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CBFA Spring Symposium

2024 CBFA Spring Symposium on Pedagogy

Wednesday, April 3, 2024: 3:00-5:00 EST

Concurrent Session Abstracts

SESSION 1

Presentation 1A

Unlocking Group Work: The Impact of Learning Circles

by Erica Vonk, Northwestern College

Are you tired of traditional group work in your classes that isn’t effective? We want our students to understand that you often don't get to pick who you work with in life but fail to train well for students to be effective and meet expectations during and after college. 

Presentation 2B 

Promoting Engagement with Course Texts: Strategies for Encouraging Student Reading

by Elizabeth Holbrook, Point Loma Nazarene University and Sandy Cassell, Evangel University

To successfully achieve all course outcomes by the semester's end, higher education professors expect students to bear some responsibility for their learning by reading assigned textbook chapters or articles outside of class. However, studies show that students are not reading assigned content independently. In fact, most students feel it is the professor’s job to cover all the relevant content in class. Previous research has found that holding students accountable through pop quizzes, scheduled quizzes, or graded reading assignments significantly increases reading compliance. This study investigated if low-stakes guided reading assignments would motivate business students to read the course material before covering it in class. It also assessed students’ perceived value of completing the reading assignments. Using an accounting class at Point Loma Nazarene University (N=24) and a strategic management class at Evangel University (N=38), we found that holding students accountable increased reading compliance even with low point values. This resulted in the professors being able to use class time to expand on key concepts, which gave students a deeper level of understanding. In addition, we also found a significant increase in students’ perceptions of the value of reading before class as long as the professor did not spend class time simply regurgitating the assigned reading material.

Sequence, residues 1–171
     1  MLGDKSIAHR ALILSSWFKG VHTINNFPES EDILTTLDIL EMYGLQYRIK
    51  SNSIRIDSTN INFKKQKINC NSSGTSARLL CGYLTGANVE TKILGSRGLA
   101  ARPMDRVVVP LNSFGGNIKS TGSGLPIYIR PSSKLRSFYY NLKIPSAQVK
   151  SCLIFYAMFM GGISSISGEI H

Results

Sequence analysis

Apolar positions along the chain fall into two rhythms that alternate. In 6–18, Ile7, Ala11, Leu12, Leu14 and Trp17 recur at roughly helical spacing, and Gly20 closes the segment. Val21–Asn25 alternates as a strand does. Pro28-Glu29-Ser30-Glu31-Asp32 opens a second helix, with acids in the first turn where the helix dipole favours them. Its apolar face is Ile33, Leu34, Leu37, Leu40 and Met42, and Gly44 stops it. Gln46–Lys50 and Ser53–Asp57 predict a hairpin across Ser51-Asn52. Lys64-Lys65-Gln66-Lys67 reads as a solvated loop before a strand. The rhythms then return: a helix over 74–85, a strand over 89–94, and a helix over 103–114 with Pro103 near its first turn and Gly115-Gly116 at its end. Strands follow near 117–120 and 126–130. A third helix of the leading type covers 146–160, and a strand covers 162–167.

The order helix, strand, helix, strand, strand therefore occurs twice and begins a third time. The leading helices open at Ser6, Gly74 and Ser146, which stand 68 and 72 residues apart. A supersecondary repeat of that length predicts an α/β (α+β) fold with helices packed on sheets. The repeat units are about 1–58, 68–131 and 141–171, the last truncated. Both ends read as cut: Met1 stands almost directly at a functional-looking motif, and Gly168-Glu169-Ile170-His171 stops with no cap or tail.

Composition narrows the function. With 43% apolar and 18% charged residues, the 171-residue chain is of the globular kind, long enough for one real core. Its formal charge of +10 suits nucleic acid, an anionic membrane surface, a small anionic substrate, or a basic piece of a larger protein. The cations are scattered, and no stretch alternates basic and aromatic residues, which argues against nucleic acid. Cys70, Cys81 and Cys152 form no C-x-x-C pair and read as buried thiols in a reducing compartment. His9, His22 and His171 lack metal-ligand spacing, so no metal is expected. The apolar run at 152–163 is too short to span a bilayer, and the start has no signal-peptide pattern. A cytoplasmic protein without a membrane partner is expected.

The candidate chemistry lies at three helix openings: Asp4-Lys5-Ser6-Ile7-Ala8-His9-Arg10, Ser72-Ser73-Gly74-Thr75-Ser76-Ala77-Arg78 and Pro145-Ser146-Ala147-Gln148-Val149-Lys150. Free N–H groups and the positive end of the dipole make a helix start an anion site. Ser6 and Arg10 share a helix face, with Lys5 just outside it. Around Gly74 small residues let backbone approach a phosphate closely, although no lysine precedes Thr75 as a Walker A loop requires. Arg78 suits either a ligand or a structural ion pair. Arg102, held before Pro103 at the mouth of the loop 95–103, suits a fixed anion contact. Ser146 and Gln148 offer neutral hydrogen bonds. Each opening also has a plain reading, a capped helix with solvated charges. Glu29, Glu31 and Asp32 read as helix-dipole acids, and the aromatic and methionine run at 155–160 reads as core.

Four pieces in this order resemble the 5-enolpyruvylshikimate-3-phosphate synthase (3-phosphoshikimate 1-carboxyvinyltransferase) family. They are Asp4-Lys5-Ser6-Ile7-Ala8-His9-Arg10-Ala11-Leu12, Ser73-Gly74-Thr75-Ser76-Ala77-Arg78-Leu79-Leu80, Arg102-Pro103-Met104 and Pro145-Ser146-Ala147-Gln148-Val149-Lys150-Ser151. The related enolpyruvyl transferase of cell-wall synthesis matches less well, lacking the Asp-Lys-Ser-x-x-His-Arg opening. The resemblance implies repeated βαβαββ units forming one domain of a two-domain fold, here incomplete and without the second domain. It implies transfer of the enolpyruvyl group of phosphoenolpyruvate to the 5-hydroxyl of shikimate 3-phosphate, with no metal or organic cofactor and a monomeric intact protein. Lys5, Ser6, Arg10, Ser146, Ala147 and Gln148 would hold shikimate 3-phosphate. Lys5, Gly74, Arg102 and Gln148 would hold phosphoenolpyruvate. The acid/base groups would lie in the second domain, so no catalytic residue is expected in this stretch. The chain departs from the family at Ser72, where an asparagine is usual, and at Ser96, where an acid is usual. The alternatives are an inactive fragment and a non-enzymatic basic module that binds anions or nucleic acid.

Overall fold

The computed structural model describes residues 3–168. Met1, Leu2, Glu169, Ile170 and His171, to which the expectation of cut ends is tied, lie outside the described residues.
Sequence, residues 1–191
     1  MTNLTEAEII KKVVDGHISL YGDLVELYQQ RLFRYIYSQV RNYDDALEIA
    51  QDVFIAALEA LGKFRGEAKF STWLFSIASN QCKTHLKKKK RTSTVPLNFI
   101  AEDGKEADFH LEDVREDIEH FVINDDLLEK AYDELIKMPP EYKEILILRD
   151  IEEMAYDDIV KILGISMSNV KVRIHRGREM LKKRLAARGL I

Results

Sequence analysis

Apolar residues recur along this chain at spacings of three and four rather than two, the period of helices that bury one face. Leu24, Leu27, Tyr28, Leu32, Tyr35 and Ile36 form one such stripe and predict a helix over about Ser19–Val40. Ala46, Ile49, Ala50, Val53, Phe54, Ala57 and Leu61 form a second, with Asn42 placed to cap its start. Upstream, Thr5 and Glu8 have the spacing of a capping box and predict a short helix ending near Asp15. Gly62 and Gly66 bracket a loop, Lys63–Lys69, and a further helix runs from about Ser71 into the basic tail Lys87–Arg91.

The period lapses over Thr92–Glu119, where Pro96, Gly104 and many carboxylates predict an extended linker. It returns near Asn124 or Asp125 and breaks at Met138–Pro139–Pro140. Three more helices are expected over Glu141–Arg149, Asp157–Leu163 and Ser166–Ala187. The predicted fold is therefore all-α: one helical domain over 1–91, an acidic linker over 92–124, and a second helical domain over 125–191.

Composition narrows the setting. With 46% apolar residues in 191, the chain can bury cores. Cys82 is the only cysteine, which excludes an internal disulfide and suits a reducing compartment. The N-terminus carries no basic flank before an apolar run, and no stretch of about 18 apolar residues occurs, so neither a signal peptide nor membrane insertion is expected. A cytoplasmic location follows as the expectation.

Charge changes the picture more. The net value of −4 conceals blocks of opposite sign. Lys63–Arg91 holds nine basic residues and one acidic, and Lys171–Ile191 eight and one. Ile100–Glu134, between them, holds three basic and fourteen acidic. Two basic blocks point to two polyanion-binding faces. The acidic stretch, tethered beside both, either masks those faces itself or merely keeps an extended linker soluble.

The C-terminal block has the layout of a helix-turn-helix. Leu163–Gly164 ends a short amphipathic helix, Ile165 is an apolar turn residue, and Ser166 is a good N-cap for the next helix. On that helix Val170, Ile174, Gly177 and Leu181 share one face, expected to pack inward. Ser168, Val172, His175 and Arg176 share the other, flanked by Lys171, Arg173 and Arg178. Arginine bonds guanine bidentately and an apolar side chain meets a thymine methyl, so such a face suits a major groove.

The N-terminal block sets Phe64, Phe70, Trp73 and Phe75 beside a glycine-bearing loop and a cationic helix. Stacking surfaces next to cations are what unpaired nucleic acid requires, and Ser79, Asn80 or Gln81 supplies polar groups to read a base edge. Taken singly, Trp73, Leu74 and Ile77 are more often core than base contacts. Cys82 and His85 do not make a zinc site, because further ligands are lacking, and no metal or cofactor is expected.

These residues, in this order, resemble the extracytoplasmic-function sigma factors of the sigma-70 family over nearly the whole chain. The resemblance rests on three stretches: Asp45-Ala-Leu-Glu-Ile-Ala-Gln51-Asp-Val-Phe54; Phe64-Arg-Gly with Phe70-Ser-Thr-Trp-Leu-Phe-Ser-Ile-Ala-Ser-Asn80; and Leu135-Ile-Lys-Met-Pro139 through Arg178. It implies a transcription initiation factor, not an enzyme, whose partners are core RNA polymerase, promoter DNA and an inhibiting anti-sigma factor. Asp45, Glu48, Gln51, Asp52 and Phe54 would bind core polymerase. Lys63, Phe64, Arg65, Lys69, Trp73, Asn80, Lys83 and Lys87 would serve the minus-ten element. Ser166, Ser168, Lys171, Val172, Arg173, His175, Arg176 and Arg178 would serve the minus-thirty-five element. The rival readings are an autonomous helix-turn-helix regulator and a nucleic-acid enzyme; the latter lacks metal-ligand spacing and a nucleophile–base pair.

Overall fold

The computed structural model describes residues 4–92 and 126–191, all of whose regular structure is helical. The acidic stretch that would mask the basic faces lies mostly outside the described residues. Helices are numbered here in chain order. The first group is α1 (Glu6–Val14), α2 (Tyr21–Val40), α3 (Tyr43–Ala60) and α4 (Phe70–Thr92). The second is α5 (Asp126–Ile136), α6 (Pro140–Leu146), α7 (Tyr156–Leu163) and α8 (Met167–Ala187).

SESSION 2

Presentation 2A

The Matthew 18 Principles in Team Projects at Scale

by Damon Moon, San Jose State University

Implementing the Matthew 18 principle in team projects fosters improved team dynamics and reduces student complaints. The five-step conflict resolution process emphasizes forgiveness and resolution between conflicting individuals. Conflict resolution based on Matthew 18 equips students for their careers and life beyond graduation.

 

Presentation 2B

Harnessing the Power of ChatGPT in Education: Innovative Ideas for Enhancing Teaching and Learning

by Vahagn Asatryan, Redeemer University

This presentation explores ChatGPT's innovative use in Christian higher education. It discusses how ChatGPT can revolutionize teaching by facilitating interactive learning experiences, fostering creativity, personalizing learning, enhancing critical thinking, promoting inclusivity, and supporting students. The author inspires educators to implement ChatGPT in their teaching practices and shares examples/demos.

 

FREE and open to all! 

Feel free to invite colleagues!

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